Vermont skiing in light of COVID-19 restrictions

By Tommi Mandell, Staff Writer

A ski lift at Killington. Photos by Tommi Mandell/The Forum.

During the winter months, many skiers head to Vermont from all over the Northeast. This year, however, is proving different. After an abrupt end to the ski season at the beginning of the COVID-19 pandemic, the mountains are finally open again, but with some changes. To see Killington’s look back on the abrupt ending to the reopening of the mountain, refer here.

While the mountains may be open, the access to them changed—particularly for out-of -state skiers. On Killington’s website, there is a “Know Before You Go” section, explaining Vermont’s out-of state-travel restrictions due to the COVID-19 pandemic. Okemo’s website has a similar “Know Before You Arrive” page referring to Vermont’s travel guidelines.

Instead of arriving to the mountains on a whim, guests must make reservations prior to showing up for their day on the slopes. At Okemo, the reservations are general for anyone wishing to be on the mountain. Killington informs skiers to purchase their lift tickets online and retrieve them at contactless kiosks. The reservations at Killington are for parking and have shifted to only being necessary on high capacity days (the weekends and “Peak Days”).

Killington also initiated “Operation Stay Safe.” This plan refers to skiers’ cars as their “base camps,” encouraging skiers to “boot up” at their cars instead of in the mountain’s lodges. Additionally, where many skiers would normally head into the lodges throughout their day to warm up or enjoy a snack, “Operation Stay Safe” encourages skiers to use their cars for that purpose instead. For Killington’s “Operation Stay Safe,” video, refer here.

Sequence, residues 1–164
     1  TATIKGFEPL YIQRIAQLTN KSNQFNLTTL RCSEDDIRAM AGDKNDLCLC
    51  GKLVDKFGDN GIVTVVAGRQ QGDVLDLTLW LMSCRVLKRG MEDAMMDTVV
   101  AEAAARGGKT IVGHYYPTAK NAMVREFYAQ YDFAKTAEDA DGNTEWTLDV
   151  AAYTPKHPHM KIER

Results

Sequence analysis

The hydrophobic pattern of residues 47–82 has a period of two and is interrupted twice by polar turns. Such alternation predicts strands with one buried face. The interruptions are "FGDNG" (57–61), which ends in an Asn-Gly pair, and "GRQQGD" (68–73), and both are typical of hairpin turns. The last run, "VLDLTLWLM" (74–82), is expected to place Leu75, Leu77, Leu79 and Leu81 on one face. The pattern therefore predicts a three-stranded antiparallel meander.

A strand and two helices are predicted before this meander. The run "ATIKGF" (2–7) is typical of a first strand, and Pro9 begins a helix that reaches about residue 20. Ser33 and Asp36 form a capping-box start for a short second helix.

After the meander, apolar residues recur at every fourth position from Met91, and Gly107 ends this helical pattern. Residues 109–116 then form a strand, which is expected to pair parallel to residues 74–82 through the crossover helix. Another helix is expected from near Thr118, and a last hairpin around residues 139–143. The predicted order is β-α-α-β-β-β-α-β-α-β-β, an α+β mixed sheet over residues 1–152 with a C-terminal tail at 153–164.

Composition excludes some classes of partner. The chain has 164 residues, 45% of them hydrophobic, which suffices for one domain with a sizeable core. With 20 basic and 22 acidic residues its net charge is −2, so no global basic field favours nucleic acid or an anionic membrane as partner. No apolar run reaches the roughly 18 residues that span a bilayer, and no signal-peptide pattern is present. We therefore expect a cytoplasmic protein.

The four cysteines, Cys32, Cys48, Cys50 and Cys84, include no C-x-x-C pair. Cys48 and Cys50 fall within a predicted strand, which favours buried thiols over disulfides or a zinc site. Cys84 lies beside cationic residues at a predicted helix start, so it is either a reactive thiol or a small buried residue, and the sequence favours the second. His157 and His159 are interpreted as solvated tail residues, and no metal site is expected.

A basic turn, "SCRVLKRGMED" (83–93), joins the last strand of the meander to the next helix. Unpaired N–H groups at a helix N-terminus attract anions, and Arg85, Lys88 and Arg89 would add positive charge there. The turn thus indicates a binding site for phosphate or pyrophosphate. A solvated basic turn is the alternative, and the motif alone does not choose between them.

On the mountains, face coverings are required. On Killington, guests can hear an auditory reminder to keep masks on. Repeating “The Beast [a nickname for Killington Mountain] thanks you for wearing your mask. Unless you’re wearing it like a chinstrap or your nose is hanging out. Then The Beast is disappointed in you. Don’t disappoint the Beast.” Another reminder Killington has both auditorily and on their website is “Shred it, don’t spread it.”

Chairlifts also have adjusted operations. At Killington specifically, instead of filling chairlifts to maximum capacity to ensure quickly moving lines, only members of the same traveling party are permitted to fill a chairlift to capacity. Singles are only paired with other singles when distancing allows (bigger chairlifts permit singles to sit distanced apart). However, singles have the option to ride certain chairlifts alone, but not all of them.

Killington has staff stationed at many areas of the mountain, reminding skiers to have their masks on properly, to stay distances, and to keep areas of high traffic clear. At lodges, skiers have a 30 minute time limit to be seated indoors. To get into the lodges, skiers must wait on a line for other skiers to leave the lodge, have their passes scanned to enter, and proceed to a table.

Skiing in Vermont may look different this year, but the season is continuing in seeming compliance with COVID-19 restrictions.

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